Clair Thunes, PhD, is an equine nutritionist who owns Summit Equine Nutrition, based in Gilbert, Arizona. She works as a consultant with owners/trainers and veterinarians across the United States and globally to take the guesswork out of feeding horses and provides services to select companies. As a nutritionist she works with all equids, from WEG competitors to Miniature donkeys and everything in between. Born in England, she earned her undergraduate degree at Edinburgh University, in Scotland, and her master’s and doctorate in nutrition at the University of California, Davis. Growing up, she competed in a wide array of disciplines and was an active member of the U.K. Pony Club. Today, she serves as the district commissioner for the Salt River Pony Club.


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Robert J. Anderson
October 30 – Century Mile

Aspired Race 4 Claiming $5,000
Philip Hall
October 30 – Woodbine

The Kippy Train Race 2 Claiming $7,500
Afleet Eddie Race 3 Maiden Optional Claiming $40,000
Sheer Flattery Race 7 Claiming $5,000
Barbara Heads
October 30 – Century Mile

Solarity Race 1 R.K. Red Smith H.
Fly Away Race 7 Allowance Optional Claiming $17,500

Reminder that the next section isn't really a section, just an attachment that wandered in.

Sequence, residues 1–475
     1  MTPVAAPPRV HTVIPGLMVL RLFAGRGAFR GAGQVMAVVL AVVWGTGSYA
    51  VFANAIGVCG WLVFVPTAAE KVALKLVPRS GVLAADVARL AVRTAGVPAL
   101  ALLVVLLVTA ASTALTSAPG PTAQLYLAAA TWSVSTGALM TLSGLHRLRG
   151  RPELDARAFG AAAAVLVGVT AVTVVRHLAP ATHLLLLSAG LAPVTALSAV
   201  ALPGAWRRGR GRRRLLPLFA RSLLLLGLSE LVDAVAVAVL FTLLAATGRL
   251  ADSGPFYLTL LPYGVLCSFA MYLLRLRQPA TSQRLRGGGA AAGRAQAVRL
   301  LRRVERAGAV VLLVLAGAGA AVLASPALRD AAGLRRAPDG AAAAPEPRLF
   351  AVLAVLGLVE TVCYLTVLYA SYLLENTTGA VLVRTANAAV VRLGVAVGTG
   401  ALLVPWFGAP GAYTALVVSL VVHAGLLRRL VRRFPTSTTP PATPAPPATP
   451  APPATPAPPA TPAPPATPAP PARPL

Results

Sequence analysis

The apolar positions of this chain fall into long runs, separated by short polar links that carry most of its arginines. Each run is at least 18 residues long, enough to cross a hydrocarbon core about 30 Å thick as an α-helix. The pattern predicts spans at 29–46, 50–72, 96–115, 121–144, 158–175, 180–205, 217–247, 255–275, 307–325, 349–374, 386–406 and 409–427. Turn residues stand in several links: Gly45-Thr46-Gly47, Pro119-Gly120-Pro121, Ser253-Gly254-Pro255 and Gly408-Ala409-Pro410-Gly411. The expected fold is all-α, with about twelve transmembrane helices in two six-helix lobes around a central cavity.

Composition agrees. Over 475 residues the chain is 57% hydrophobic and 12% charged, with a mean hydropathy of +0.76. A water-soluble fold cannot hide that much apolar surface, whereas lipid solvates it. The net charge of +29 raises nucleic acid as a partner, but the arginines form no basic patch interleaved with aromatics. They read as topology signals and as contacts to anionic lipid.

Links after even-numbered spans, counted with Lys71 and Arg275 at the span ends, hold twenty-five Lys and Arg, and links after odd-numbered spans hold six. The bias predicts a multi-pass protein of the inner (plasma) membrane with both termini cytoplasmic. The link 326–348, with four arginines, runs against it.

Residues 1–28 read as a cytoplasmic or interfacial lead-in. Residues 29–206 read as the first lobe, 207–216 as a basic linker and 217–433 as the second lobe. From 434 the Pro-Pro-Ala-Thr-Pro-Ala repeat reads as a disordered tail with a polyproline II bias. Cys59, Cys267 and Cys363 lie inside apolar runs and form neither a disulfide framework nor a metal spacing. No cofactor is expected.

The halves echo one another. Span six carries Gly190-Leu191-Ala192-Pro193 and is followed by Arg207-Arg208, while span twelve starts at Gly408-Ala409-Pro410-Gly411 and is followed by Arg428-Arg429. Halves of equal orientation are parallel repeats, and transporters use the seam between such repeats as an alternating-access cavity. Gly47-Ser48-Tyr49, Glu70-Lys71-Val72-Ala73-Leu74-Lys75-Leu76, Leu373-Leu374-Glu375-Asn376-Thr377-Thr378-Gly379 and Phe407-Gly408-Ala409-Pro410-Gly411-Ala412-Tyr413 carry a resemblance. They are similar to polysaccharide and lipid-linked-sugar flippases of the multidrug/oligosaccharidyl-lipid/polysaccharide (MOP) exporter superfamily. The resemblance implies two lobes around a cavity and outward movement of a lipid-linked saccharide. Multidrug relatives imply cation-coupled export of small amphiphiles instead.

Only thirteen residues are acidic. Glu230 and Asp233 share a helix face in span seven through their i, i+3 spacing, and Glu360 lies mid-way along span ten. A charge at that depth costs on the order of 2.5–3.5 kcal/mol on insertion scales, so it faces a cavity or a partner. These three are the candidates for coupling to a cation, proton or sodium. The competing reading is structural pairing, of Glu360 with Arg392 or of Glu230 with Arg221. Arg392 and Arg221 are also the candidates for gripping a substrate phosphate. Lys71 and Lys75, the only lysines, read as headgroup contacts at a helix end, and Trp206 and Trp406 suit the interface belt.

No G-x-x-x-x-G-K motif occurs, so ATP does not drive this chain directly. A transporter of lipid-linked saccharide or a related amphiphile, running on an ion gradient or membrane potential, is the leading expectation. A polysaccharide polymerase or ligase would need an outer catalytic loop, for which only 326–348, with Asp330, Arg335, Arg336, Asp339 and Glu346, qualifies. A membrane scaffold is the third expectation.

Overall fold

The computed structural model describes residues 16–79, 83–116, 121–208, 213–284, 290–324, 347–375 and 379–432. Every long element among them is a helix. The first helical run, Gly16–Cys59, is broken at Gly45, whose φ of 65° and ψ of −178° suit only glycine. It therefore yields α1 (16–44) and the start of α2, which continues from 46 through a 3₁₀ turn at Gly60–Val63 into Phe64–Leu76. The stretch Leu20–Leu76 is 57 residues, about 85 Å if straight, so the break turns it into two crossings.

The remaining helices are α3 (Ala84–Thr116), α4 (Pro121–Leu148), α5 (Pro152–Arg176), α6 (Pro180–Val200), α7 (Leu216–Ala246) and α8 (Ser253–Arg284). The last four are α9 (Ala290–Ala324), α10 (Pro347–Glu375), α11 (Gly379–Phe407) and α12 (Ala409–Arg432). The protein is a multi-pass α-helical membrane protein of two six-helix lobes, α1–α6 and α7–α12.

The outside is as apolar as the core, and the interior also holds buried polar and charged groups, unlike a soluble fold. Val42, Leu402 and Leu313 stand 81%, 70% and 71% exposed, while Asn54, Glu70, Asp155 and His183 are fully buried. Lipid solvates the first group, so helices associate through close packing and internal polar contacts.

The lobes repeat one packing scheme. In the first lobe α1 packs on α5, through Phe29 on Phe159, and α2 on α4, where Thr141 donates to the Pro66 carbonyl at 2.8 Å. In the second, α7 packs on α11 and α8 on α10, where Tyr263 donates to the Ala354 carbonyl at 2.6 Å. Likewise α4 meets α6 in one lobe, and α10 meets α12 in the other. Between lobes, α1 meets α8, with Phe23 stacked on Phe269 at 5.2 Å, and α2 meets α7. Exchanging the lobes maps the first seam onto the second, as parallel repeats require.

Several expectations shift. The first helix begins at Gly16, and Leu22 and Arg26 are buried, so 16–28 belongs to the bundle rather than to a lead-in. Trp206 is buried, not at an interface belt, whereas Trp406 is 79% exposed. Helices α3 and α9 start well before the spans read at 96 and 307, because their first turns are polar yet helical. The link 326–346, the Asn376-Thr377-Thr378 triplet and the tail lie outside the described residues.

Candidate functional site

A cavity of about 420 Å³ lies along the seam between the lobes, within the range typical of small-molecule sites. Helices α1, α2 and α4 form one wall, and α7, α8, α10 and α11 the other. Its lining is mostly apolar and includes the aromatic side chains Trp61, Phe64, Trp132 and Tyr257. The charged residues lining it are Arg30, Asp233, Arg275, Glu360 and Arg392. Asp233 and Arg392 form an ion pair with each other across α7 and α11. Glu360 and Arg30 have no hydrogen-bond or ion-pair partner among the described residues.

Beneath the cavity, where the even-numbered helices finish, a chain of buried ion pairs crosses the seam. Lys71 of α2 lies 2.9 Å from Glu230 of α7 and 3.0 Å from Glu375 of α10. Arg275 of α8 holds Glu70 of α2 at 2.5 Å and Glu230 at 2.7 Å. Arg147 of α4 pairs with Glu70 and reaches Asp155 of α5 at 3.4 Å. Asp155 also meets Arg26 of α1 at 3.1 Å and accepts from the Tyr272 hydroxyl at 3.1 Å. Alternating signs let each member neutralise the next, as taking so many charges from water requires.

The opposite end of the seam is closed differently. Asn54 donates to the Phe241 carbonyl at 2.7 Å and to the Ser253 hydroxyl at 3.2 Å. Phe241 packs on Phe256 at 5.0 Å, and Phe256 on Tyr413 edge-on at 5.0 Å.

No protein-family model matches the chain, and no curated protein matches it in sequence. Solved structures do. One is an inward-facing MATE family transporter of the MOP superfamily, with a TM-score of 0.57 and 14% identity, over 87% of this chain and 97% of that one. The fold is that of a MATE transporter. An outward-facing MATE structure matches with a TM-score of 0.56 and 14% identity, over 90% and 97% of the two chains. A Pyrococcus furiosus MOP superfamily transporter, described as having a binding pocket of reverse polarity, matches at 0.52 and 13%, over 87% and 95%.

Terry Jordan
October 30 – Woodbine

Mas Chikilin Race 2 Claiming $7,500
Cindy Krasner
October 28 – Emerald Downs

G M T Baby Race 7 Claiming $5,000
October 29 – Emerald Downs

You Got This Race 6 Claiming $2,500

Woodbine Daily Results and Activity

Early Entries

Friday, October 30 Overnight
Race# Race Type Purse
Race 1 Maiden Optional Claiming – $25,000 $48,300
Race 2 Claiming – $7,500 $24,100
Race 3 Maiden Optional Claiming – $40,000 $64,300
Race 4 Claiming – $5,000 $17,700
Race 5 Maiden Claiming – $5,000 $17,700
Race 6 Claiming – $15,000 $32,700
Race 7 Claiming – $5,000 $18,500
Race 8 Claiming – $15,000 $32,700

Final Entries

Thursday, October 29
Race# Race Type Purse
Race 1 Maiden Claiming – $5,000 $17,700
Race 2 Maiden Optional Claiming – $25,000 $48,300
Race 3 Claiming – $5,000 $18,500
Race 4 Claiming – $7,500 $24,100
Race 5 Maiden Optional Claiming – $40,000 $64,300
Race 6 Maiden Special Weight $123,200
Race 7 Optional Claiming – $40,000 $60,300
Race 8 Claiming – $5,000 $17,700